The importance of psychological counseling in fertility care has been acknowledged for many years because infertility treatment is stressful and may result in multiple losses that provoke feelings of sadness, grief, depression, anxiety, and isolation. IVF treatment with donor eggs is highly successful but social, legal, and ethical issues arise. Screening and educating patients about the possible implications of gamete donation have become central recommendations for pretreatment counseling in guidelines issued in the USA, UK, Australia, New Zealand, and Germany among other countries. Internationally, considerable variation remains in recipient counseling, ranging from legislated, recommended, to minimal [24, 25].


The aforementioned realistic case indicates that, in the near future, carrier screening of oocyte or sperm donors might become fundamental. Ropers in 2012 stated that 1–2% of all couples are carriers of genetic diseases and in this case a 25% risk of having an affected child exists [26]. In the extreme scenario that a full genetic screening (WGS) should be performed, oocyte donors may be excluded from egg donation programs for possible risks that may never emerge. All donors are plausible carriers of such conditions so targeted carrier testing might be preferable to extended screening.

Thorough genetic consultation is of paramount importance for: (i) donors, to scrutinize their hereditary history and provide useful information about family members and therefore early identification of possible genetic diseases; and (ii) acceptors of genetic material in order to realize the risks that such procedures render. The current case of a rare disease – Lowe syndrome – is such an excellent paradigm that carrier screening of donors in the future, although still controversial for ethical reasons due to genetic selectivity, might gain a lot of popularity.

Availability of data and materials

Available on request.



Anti-Müllerian hormone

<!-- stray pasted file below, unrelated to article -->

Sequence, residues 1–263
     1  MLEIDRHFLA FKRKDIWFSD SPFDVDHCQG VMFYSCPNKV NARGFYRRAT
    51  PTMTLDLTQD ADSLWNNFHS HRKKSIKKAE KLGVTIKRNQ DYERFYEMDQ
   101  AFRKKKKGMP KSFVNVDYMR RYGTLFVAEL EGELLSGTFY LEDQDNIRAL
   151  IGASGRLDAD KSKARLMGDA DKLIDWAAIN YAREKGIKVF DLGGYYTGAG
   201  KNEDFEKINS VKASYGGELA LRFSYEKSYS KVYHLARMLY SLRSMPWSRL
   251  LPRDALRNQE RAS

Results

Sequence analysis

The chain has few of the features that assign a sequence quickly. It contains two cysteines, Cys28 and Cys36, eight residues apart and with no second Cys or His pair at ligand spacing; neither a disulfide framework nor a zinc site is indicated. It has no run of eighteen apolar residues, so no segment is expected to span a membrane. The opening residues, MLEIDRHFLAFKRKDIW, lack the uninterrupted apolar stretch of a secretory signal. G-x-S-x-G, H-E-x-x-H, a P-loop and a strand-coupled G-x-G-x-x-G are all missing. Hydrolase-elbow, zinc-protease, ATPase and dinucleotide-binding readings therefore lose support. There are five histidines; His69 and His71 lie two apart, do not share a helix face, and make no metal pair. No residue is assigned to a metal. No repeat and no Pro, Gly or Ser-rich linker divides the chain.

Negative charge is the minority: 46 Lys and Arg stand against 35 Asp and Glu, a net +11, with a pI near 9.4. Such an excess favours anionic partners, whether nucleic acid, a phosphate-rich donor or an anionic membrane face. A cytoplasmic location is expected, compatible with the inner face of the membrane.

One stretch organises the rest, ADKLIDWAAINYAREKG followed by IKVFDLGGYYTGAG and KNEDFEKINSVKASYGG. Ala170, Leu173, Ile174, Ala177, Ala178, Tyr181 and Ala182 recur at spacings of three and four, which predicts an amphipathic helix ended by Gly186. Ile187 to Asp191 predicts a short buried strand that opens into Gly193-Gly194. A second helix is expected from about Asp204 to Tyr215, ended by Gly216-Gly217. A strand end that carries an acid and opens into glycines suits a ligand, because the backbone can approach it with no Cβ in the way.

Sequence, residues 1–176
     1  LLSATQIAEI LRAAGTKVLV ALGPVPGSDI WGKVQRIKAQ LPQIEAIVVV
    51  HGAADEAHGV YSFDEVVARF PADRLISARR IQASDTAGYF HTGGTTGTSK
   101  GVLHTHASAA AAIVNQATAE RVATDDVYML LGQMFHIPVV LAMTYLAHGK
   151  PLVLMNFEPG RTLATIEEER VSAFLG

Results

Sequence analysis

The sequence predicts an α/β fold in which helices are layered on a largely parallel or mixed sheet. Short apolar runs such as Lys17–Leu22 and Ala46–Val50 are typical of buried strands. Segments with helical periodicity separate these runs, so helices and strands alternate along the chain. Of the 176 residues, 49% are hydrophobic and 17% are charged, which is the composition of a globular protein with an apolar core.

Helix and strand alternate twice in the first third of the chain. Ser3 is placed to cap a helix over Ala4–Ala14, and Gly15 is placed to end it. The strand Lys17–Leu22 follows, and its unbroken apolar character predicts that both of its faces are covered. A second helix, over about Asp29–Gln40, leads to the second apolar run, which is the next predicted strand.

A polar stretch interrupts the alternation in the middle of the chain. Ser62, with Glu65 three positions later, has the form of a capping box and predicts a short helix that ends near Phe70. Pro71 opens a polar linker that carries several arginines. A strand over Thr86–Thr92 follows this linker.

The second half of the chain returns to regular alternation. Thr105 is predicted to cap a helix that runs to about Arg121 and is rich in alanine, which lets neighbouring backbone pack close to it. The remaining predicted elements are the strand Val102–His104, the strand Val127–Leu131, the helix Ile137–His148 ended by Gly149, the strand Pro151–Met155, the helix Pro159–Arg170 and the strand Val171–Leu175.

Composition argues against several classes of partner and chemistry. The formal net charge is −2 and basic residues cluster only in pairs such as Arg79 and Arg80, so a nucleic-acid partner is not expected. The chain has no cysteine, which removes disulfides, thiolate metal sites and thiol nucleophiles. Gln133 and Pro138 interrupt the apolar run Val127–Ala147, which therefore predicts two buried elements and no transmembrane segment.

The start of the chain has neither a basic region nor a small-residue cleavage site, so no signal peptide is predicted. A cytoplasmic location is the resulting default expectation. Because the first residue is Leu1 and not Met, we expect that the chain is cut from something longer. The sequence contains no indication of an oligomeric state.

Frozen embryo transfer


Follicle-stimulating hormone


Genome Analysis Toolkit


Gonadotropin-releasing hormone




Hepatitis B virus


Human chorionic gonadotropin


Hepatitis C virus


Human immunodeficiency virus


Human menopausal gonadotropin


In vitro fertilization


Luteinizing hormone


Metaphase II


OCRL gene


Oculocerebrorenal syndrome of Lowe

PIP2 :

Phosphatidylinositol 4,5-bisphosphate

protein OCRL-1:

Phosphatidylinositol 4,5-bisphosphate-5-phosphatase


Recombinant follicle-stimulating hormone


Recombinant human chorionic gonadotropin


Venereal Disease Research Laboratory


Full genetic screening


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PT, TC, and ET performed all embryological laboratory work including oocyte pick-ups, denudation of oocytes, fertilization, embryo evaluation and selection, vitrification, and thawing. EP, RN, and AA were responsible for the donor’s and the patients’ treatment, follow-up, and welfare. They administered the necessary medication during IVF therapy and informed the patients and the donor of the implications and the success rates of the treatment. IP performed all necessary genetic analysis and tests. All authors contributed to the writing of this manuscript and read and approved the final manuscript. Written informed consent was obtained from the patient for publication of this case report.

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Correspondence to P. Tatsi.

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Tatsi, P., Papanikolaou, G.E., Chartomatsidou, T. et al. Lowe syndrome identified in the offspring of an oocyte donor who was an unknown carrier of a de novo mutation: a case report and review of the literature. J Med Case Reports 13, 325 (2019).